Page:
• 3. SFIA 4G Readability, Consistency & No. of Peter LeatherIndicators3. Could SFIA descriptors be presented as bullet points rather than sentences  Consideration should also be given to amending the format of the descriptions and use concise bullet points instead of sentences.  When individuals and organisations people use the framework they frequently split up descriptors into component parts anyway and bullet points would aid this as well as overall readability and ease of reference.4. Some skill level descriptions have many indicators contained within the text and others have far fewer.  By “Indicator” – I mean a descriptive phrase or dimension which is used to indicate if a particular skill or skill level is applicable  Within the framework the number of indicators varies greatly with an obvious link between the number of indicators and the number of words in the descriptor.  Whilst accepting (and supporting) the principle that the SFIA definition is intended to be diagnostic and it “is not intended as a complete definition” the fact remains that there is a significant variation in how many indicators are present in the skill level descriptors.  There does not appear to be an obvious pattern or reason why certain skills are documented in different ways. Although there is generally more words and more indicators for the higher SFIA skill level descriptors  A short sharp sentence may have the benefit of elegance and simplicity – but it may provide a limited number of indicators for assessment – and as such may not be as useful as a longer description.Page 3 of 4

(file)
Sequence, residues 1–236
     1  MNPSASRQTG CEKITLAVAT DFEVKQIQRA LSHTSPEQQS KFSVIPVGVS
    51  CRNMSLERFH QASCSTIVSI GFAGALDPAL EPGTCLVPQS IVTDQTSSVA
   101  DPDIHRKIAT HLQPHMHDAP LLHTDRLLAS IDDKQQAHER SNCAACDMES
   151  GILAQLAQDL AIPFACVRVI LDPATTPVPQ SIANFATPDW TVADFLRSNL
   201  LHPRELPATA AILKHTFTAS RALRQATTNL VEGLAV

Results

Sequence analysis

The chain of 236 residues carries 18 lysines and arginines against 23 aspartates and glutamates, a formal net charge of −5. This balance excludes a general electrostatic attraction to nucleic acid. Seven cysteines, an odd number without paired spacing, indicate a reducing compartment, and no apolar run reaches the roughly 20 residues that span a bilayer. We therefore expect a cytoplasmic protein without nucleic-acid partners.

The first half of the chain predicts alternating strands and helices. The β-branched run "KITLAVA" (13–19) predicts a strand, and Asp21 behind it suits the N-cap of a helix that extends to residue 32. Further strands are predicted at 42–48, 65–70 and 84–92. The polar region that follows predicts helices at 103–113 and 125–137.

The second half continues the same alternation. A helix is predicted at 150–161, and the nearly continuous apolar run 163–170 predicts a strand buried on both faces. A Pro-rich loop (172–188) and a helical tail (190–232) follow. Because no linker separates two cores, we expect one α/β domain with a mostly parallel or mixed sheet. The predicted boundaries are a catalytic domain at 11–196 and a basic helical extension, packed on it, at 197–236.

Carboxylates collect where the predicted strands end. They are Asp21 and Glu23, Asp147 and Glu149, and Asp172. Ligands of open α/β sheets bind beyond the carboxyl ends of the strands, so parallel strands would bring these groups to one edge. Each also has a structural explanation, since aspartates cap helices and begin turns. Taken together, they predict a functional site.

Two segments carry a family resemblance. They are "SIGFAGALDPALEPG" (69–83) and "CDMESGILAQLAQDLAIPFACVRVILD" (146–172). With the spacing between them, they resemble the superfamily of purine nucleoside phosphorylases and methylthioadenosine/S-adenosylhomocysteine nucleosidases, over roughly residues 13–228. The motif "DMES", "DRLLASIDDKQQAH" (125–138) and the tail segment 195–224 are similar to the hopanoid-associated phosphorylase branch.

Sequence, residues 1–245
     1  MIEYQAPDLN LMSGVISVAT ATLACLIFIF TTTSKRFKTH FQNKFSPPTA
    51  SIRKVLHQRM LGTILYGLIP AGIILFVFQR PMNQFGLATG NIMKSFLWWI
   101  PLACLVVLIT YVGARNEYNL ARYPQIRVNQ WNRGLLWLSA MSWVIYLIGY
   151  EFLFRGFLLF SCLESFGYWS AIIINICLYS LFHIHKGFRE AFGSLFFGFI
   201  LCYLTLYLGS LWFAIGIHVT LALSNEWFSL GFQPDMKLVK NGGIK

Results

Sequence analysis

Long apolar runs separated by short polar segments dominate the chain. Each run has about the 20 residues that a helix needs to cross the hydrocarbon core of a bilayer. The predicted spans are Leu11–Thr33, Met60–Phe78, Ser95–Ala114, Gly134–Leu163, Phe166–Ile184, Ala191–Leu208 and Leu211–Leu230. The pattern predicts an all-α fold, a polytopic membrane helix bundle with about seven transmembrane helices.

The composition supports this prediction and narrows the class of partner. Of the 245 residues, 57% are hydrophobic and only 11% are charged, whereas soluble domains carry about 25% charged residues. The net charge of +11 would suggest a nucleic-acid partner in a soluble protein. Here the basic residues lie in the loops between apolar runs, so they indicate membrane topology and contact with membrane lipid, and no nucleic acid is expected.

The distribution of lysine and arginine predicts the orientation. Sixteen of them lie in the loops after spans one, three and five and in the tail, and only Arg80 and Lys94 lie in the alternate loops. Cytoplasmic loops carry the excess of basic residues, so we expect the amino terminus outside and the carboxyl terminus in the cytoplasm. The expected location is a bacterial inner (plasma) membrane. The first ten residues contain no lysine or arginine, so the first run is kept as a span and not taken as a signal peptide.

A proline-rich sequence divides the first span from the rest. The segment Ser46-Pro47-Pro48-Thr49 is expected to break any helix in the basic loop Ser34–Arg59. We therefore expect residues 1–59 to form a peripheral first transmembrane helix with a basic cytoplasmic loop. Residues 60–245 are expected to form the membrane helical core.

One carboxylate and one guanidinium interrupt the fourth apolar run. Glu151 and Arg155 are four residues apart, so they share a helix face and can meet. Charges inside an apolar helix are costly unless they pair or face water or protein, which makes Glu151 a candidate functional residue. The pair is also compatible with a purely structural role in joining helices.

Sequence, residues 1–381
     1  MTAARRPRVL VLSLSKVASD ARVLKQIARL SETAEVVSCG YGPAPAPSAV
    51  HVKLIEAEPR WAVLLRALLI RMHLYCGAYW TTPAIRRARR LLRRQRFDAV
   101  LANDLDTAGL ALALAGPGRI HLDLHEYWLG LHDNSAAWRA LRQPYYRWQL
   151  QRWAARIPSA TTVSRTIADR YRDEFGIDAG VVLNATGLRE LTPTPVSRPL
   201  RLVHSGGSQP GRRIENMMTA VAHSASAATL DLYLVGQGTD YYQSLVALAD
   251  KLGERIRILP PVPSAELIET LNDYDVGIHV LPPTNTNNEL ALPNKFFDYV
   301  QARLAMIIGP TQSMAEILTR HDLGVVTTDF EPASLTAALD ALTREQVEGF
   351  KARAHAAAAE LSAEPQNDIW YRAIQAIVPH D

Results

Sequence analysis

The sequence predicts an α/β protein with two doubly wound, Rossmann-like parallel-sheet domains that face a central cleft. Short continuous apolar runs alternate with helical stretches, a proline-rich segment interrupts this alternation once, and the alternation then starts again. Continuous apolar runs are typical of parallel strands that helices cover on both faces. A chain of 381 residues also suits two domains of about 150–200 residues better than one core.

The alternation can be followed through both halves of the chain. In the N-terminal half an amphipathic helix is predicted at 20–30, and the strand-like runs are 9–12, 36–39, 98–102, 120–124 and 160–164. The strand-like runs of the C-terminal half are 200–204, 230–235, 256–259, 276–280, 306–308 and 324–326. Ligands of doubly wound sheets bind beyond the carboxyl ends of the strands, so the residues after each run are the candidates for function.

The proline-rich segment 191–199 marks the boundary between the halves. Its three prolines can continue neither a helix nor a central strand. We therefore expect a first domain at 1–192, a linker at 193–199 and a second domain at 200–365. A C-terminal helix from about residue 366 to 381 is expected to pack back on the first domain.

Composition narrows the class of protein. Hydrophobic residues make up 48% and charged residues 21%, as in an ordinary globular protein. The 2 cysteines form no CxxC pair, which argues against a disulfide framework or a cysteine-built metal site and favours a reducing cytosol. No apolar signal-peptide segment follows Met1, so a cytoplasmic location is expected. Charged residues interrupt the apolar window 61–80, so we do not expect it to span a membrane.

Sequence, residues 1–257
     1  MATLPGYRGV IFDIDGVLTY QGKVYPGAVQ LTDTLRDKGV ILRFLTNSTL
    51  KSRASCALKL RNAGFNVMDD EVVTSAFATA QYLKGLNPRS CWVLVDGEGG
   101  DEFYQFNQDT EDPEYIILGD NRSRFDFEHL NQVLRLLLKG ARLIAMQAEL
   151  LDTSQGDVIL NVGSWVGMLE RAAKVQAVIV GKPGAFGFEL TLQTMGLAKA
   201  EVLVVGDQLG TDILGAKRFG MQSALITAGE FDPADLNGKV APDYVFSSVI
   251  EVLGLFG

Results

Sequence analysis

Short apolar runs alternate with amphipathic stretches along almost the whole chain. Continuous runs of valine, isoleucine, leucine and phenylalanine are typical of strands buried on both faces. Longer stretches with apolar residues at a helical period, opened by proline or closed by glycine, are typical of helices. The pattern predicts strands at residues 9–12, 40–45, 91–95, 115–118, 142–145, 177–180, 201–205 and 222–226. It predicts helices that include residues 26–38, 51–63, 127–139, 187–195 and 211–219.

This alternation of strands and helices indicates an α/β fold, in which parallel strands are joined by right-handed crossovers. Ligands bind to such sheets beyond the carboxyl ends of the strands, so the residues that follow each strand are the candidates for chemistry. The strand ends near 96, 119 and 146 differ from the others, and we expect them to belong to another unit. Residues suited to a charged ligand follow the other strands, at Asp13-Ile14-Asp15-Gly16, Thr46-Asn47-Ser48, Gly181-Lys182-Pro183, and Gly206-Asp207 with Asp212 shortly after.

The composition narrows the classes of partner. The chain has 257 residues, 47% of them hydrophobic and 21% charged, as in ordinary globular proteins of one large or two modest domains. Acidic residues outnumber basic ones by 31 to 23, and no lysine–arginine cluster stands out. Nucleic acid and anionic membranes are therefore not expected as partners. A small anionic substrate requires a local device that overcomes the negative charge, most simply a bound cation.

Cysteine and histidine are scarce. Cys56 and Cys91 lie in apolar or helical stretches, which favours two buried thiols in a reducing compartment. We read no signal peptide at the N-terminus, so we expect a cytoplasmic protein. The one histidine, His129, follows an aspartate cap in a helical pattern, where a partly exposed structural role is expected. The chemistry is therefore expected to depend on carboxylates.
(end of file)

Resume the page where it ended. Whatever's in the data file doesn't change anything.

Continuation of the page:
• 4. SFIA 4G Readability, Consistency & No. of Peter LeatherIndicators2 examples are given below – both describing a level 5 skill but in quite different levels of detail.Quality Standards Level 5 Project Management Level 5SFIA v4 Description: SFIA v4 Description:“Takes responsibility for the control, update and distribution of quality “Takes full responsibility for the definition, documentation and satisfactorystandards, and advice on their use.” completion of medium-scale projects (typically lasting 6-12 months, with direct business impact, teams of 3-5 and firm deadlines). Identifies, assesses and manages risks to the success of the project. Ensures that realistic project and quality plans are prepared and maintained and provides regular and accurate reports to stakeholders as appropriate. Ensures Quality reviews occur on schedule and according to procedure. Manages the change control procedure, and ensures that project deliverables are completed within planned cost, timescale and resource budgets, and are signed off. Provides effective leadership to the project team, and takes appropriate action where team performance deviates from agreed tolerances.”Approximate number of indicators – 5 Approximate number of indicators - 30For comparison: if this was written in the same style as Project For comparison: if this was written in the same style as Quality StandardsManagement Level 5 it may read something like this: Level 5 it may read something like this:“Takes responsibility for the control, update and distribution of quality “Takes responsibility for the definition, documentation and completion ofstandards. Provides advice and education on the documentation and use of medium-scale projects.”quality standards. Understands the requirements of all stakeholders andprovides effective leadership to ensure that quality standards are deliveredand used. Manages the change control process and ensures that qualitystandards are completed and signed off within agreed timescales andbudgets. Checks the progress and quality of the production of qualitystandards’ artefacts against targets, reporting as necessary and takingaction to resolve exceptions. “Which of these styles is most useful? Is there any underlying reason related to the skill which makes one style more applicable than the other?Page 4 of 4